Mnuchin vowed that the Trump administration’s efforts to cut taxes, ease federal regulations and improve trade deals would help both Medicare and Social Security survive over the long term.

“Robust economic growth will help to ensure their lasting stability,” he said.

Critics, however, doubt the economy will grow fast enough to fix Medicare.

The top Democrat on the House Ways & Means Committee, Rep. Richard Neal, Mass., blamed the Trump administration for Medicare’s deteriorating outlook.

“Administration policies in President Trump’s first year have reduced the life of the Medicare trust fund by three years,” he said. “With their repeated efforts to sabotage the nation’s health care system, including their irresponsible tax law, congressional Republicans and President Trump are purposefully running Medicare into the ground.”

Seema Verma, administrator of the Centers for Medicare & Medicaid Services, said in a statement the report should spur Congress to act on Trump’s budget plan to cut Medicare spending during the next decade, mostly by reducing payments to doctors, nursing homes and other providers.

“These proposals, if enacted, would strengthen the integrity of the Medicare program,” she said.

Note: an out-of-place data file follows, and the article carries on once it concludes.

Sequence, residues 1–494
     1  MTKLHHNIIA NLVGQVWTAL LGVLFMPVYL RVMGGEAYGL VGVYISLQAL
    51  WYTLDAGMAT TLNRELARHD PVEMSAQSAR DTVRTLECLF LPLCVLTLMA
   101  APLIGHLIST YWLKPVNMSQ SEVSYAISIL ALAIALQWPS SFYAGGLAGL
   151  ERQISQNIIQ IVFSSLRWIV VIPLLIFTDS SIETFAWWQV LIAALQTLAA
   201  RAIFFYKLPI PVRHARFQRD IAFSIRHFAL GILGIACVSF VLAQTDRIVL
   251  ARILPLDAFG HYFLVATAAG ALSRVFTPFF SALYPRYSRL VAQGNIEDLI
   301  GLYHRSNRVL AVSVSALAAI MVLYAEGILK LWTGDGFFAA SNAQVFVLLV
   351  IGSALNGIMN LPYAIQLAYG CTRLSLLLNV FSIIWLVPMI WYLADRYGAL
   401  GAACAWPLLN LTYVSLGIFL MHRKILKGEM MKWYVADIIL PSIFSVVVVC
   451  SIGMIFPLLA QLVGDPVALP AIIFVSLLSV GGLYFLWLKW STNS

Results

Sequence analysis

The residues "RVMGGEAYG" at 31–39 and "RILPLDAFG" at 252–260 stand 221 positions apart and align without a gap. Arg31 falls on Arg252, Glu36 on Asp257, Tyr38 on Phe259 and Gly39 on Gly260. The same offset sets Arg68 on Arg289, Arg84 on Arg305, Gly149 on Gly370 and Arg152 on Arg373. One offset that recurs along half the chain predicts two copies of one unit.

Breaking from tradition, none of the Medicare trustees — which include Mnuchin, Health and Human Services Secretary Alex Azar and Secretary of Labor Alexander Acosta — spoke to the press after releasing the report. A spokesman said they had “scheduling conflicts.”

The Medicare trustees said the trust fund will be able to pay full benefits until 2026 but then it will gradually decline to be able to cover 78 percent of expenses in 2039.

Medicare provides health coverage to more than 58 million people, including seniors and people with disabilities. It has added 7 million people since 2013.

Total Medicare expenditures were $710 billion in 2017.

Juliette Cubanksi, associate director of Kaiser Family Foundation’s Medicare Policy Program, cautioned that the report doesn’t mean Medicare is going bankrupt in the next decade but Part A will only be able to pay 91 percent of covered benefits starting in 2026. (KHN is an editorially independent program of the foundation.)

She noted that Congress has never let the trust fund go bankrupt. In the early 1970s, the program came within two years of insolvency. But the 2026 estimate marks the closest the program has come to insolvency since 2009, the year before the Affordable Care Act was approved.

Joe Baker, president of the Medicare Rights Center, said Congress still has plenty of time to act without making changes that harm beneficiaries.

“I worry about fear mongering and the need to do something radical to the program,” he said.

Update: This story was updated at 6:52 p.m. to add more details from the report and comments from experts.

Kaiser Health News (KHN) is a national health policy news service. It is an editorially independent program of the Henry J. Kaiser Family Foundation which is not affiliated with Kaiser Permanente.